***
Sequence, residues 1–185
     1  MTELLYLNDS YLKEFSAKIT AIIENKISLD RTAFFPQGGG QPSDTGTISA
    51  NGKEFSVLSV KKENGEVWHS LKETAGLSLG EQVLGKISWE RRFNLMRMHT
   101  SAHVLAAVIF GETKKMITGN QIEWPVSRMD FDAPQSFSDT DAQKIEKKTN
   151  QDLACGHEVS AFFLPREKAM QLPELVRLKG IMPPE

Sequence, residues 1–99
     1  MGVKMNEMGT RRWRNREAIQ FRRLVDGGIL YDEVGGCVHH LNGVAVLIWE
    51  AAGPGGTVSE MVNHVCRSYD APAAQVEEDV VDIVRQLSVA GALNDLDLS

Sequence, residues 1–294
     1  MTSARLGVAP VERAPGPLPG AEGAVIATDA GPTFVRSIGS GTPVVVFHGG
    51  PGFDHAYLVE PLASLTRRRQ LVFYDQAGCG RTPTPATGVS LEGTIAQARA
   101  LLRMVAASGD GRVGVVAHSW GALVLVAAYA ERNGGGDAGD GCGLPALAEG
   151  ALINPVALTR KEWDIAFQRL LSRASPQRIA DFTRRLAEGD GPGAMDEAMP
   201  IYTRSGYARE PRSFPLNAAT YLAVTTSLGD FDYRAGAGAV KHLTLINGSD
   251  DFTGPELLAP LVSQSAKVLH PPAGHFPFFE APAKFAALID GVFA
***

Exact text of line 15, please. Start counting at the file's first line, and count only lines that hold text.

   251  DFTGPELLAP LVSQSAKVLH PPAGHFPFFE APAKFAALID GVFA